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Abelmoschus moschatus


Hibiscus abelmoschus, Hibiscus flavescens, Hibiscus moschatus, Hibiscus longifolius, Hibiscus hirtus, Hibiscus chinensis, Hibiscus curcubitaceus, Hibiscus laxiflorus, Hibiscus pseudo-abelmoschus, Abelmoschus pseudo-abelmoschus, Bamia abelmoschus, Hibiscus ricinifoliis, Hibiscus spathaceus, Bamia chinensis, Bamia multiformis, Bamia betulifolius, Bamia rugosa, Abelmoschus rugosus, Hibiscus moschatus, Hibiscus ciliaris, Abelmoschus haenkeanus, Hibiscus collinsianus, Hibiscus fusiformis, Hibiscus roxbughii, Abelmoschus officinalis, Hibiscus sagitiifolius, Hibiscus chinensis, Hibiscus cardiophyllus, Abelmoschus abelmoschus, Hibiscus subnudus, Hibiscus esquirolii, Abelmoschus todayensis, Hibiscus sharpei, Hibiscus todayensis, Abelmoschus yanoverberghii, Abelmoschus biakensis, Abelmoschus brevicapsulatus, Abelmoschus coccineus, Abelmoschus esquirolii [13]

Vernacular Names:


Kapas Hantu, Kapas Hutan, Gandapura


Musk Mallow, Musk Okra, Ambrette, Mushkdana


Gandapura, Kasturi, Kakapasan


Chamot-ton, Som-chaba, Mahakadaeng

Vietnam c[aa]y b[oo]ng v[af]ng, b[us[p v[af]ng

Dalupang, Kastuli, Kastiokastiokan

India Gandapura, Latakasturikam, Zatakasturika (Sanskrit); Mushk-dana, Kasturi-dana (Hindi & Bengali); Mishkdana, Mushk-bhendi (Bombay); Kasturi, Benda-vittulu, Karpuri-benda (Telagu); Kattakasturi (Malayalam); Vittilai-kasturi; Kasturivendaik-kayvirai (Tamil); Kabu-kasturi, Kon, Kasturi-bhendo
Tibet  So ma ra dza [14]

Aampruk (Chepang); Ban Bheri, Ban Kapas, Kasturi (Nepali) [15]

Arabic Hubb-ul-mushk, Abu-el-mosk, Abu-el-misk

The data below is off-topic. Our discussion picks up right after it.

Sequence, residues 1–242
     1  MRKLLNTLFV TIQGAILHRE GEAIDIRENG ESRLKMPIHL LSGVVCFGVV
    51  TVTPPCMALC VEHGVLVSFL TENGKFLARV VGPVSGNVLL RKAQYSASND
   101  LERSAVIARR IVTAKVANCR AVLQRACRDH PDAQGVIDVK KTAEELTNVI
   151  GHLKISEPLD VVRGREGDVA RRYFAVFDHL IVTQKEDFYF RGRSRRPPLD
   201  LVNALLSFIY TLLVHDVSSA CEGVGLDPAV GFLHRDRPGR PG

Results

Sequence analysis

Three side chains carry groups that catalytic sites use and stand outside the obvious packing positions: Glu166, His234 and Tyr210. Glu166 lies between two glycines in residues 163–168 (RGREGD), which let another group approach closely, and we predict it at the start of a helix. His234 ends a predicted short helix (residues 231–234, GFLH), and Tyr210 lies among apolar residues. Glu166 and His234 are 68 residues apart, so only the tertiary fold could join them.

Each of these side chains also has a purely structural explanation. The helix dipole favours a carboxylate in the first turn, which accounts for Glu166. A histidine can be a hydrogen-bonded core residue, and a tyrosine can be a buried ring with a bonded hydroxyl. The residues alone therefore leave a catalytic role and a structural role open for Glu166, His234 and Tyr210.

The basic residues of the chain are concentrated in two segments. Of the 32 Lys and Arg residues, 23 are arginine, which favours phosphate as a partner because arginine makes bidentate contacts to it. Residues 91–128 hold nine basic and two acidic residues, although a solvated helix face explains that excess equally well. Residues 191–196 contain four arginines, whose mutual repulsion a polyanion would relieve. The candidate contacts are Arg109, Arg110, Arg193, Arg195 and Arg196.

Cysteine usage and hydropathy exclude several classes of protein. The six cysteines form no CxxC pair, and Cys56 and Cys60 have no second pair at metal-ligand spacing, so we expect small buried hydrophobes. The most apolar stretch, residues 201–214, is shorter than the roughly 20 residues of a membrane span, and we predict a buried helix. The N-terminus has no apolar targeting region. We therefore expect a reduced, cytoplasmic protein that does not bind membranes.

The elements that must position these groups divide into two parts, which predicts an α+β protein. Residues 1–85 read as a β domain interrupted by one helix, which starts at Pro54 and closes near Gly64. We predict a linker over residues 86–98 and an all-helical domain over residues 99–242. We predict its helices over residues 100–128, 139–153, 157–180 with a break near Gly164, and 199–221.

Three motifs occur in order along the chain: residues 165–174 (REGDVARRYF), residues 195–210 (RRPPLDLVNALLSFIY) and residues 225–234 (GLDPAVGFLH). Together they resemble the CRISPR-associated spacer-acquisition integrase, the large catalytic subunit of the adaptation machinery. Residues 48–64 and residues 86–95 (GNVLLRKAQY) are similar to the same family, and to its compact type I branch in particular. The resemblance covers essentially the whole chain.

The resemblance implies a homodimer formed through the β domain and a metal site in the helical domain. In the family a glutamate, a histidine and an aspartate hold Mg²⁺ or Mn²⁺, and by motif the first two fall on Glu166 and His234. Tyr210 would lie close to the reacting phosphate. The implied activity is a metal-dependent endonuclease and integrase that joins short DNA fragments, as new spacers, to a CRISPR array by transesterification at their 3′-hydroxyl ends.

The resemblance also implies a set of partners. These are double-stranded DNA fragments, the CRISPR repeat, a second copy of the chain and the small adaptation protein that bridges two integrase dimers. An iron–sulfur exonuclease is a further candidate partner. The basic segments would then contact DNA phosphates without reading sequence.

French Ambrette, Ketmie musquee

Abelmosco, Ambarino


Abelmoschus-samen, Ambramalve, Ambrette, Bisakorner, Muskateller-Eibisch


Abelmosco, Algalia, Ambarcillo, Ambarina, Café extrajero


Algaria, Café extranjero, Dona Elvira [4] [5] [6]

General Information


Abelmoschus moschatus is a member of the Malvaceae family. It is an erect herb or subshrubs, usually annual or short-lived perennial reaching up to 4m high. The stems are mostly hispid-pubescent with appressed whitish hairs to measurement about 3-4mm long, solid or hollow. The leaves are variable, hastate, grows up to 30cm long and broad, shallowly to deeply 3 to 7 lobed, the divisions deltoid to oblong lanceolate, coarsely serrate, dentate to crenate, and apices acute to acuminate, rarely obtuse, leaf-bases cordate or sagittate. The petiole measures 20cm long, stipules linear to filiform, measures to 1 cm long. The flowers are solitary, bisexual, in upper axils, on apically expanded pedicels, at first, measuring 2-4cm long, in flower; extending to 12-19cm in fruit. The involucral bracts are 6-10 in number, linear to subulate or lanceolate, measuring 9-15mm long and 1-2.5mm broad, appressed, persistent in fruit. The calyx caduceus measures 1.8-3.5cm long and 5-toothed at apex. The corolla yellow in colour with a deep purple or crimson spot at base; petals asymmetrical, obovate, measuring 7-9cm long, cilliate at base. The staminal column measures about 2.5-3cm long. The capsule dry, 5-valved, thin-walled, ovoid to fusiform, apiculate, measuring 5-8cm long and 2-3cm broad, terete to slightly 5-angles, usually hispid, dark brown to blackish in colour. The seeds ovoid, reniform,  measures 3-4mm long, concentrically striate-pubescent, especially around the hilum, grayish-brown to black in colour, with an oily musky taste and a musky odour when rubbed. [1]